7 Reasons For Zinnia Leaves Curling (Solution Included)
One of the most frequent plant issues experienced by zinnia owners is zinnia leaves curling. Find out all there is to know about zinnia leaves curling.
Leaves curling is one of the most commonly seen problems in plants and Zinnias are no exception.
Although stunning flowers are the main reason for growing zinnias, healthy foliage also has a role in the overall attractiveness of the plant.
The most prevalent cause for zinnia leaves curling is pest attack and inadequate watering. If these two issues are not present, then lack of proper light, overfertilization, temperature stress, or lack of moisture in the air could be the reason.
Now, let’s go through each of these causes in detail with possible solutions so that you know what to do to reverse the curling as fast as possible.
1. Pest diseases
Since zinnia plants are mostly grown outdoors, the number one reason for zinnia leaves curling is pest diseases.
The commonly found pest is the Leaf Curl Virus which is very rapid in terms of action. Within a few days of exposure, the entire plant may get affected. The other pests include aphids, mealybugs, thrips, and whiteflies.
All the vital nutrients required for the healthy growth of leaves are sucked out of the plant sap by these flies and insects. If the infection is severe, the leaves may lose their ability to receive nutrients from the stem to the leaves, causing them to droop and curl.
These pests typically hide beneath the leaves, making it difficult to locate them. It is advised to buy a portable LED lamp so you can occasionally check the plants. Considering how tiny spider mites and other similar insects are, it might be wiser to use a magnifying lens when inspecting your zinnia plants.
Different types and concentrations of insecticides are required for various pests. To begin with, though, you can clean the harmed leaves and stem with diluted neem oil, insecticidal washing solution, or peppermint oil.
When an infection is particularly bad, you should look for insecticides that are manufactured specifically to resist such pests. These are highly developed chemical compounds which should be used only if necessary.
2. Too much or too little water
If you don’t see any pests, then the curling of zinnia leaves is probably due to a fault in its care routine or the environment it is in.
Among the care and environment issues, lack of proper watering is the number one reason for zinnia leaves curling. Watering issues include both underwatering and overwatering.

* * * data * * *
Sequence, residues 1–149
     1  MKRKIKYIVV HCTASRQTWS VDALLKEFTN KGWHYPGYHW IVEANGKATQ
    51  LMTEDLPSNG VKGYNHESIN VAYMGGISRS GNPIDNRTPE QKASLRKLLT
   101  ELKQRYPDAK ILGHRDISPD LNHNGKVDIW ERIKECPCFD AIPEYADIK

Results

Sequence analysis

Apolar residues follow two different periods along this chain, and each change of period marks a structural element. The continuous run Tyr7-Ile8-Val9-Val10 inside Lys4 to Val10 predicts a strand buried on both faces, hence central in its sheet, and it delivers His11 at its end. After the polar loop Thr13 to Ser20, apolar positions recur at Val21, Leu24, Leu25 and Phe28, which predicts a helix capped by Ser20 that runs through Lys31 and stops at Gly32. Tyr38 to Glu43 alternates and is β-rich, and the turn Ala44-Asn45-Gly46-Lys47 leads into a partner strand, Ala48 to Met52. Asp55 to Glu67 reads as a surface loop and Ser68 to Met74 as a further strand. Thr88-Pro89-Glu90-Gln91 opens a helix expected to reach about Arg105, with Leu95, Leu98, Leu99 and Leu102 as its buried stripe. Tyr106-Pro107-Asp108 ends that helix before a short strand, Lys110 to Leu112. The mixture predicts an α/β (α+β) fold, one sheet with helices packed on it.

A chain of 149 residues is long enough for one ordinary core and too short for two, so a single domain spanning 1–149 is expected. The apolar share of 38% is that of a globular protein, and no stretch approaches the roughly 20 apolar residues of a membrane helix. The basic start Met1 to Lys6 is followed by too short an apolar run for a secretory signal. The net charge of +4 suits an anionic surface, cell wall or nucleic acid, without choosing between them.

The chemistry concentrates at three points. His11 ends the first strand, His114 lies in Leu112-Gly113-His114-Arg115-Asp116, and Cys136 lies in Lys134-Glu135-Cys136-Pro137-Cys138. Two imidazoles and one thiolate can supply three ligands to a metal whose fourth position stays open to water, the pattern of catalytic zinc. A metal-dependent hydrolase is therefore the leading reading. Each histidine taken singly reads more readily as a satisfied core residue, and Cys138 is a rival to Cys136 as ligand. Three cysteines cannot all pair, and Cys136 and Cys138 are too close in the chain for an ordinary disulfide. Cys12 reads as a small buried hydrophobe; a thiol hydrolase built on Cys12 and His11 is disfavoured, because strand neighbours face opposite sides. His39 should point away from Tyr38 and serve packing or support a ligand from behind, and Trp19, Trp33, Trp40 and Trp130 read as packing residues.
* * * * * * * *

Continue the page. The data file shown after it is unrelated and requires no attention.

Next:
The biological element known as turgor, which is in charge of making the living plant tissue rigid, will be lost if your zinnia plant is getting very little water. Unless the tissue in the leaves is stiff, it will begin to curl.
On the other hand, if your zinnia plant is getting too much water, the roots of the plant start to rot and the leaves will curl.
The best way to fix the overwatering or underwatering problems is by fixing a proper watering schedule based on the external climate conditions. Always check that the top two inches of soil are totally dry before watering.
Additionally, it is strongly advised that you keep a record detailing your zinnia plant’s watering schedule and keep it in a visible location to ensure that you never forget.
3. Lack of proper light
It is not a surprise to see a lack of proper light among the top reasons for zinnia leaves curling. Along with water and soil, light is essential for plant functions.
The photosynthetic cells of the leaves can be harmed by too much strong light, which causes the leaves to curl and finally dry.
On the other hand, too little light prevents plant cells from doing photosynthesis, which results in dull-looking leaves and the entire plant.
It is not difficult to determine whether the curling leaves on your zinnia are caused by temporary stress or not. All you have to do is simply look at which way the leaves curl.
Your zinnia plant is not receiving enough light if the curl is pointing directly at the source of illumination. On the other hand, if they start to curl away from the light source, it is too bright.
It is very common among beginner gardeners to over feed their plants in an effort to increase the nutrient content in the soil so that the plant will grow faster and bloom quicker.
When your zinnia plants get too much fertilizer, the excessive chemical buildup in the soil suffocates the roots and as a result, some roots will rot.
Once a major chunk of roots is rotten, the healthy roots cannot solely support the plant’s requirements. When the requirements of the whole plant are not met, leaves start to curl, turn yellow or droop depending on the severity of the issue.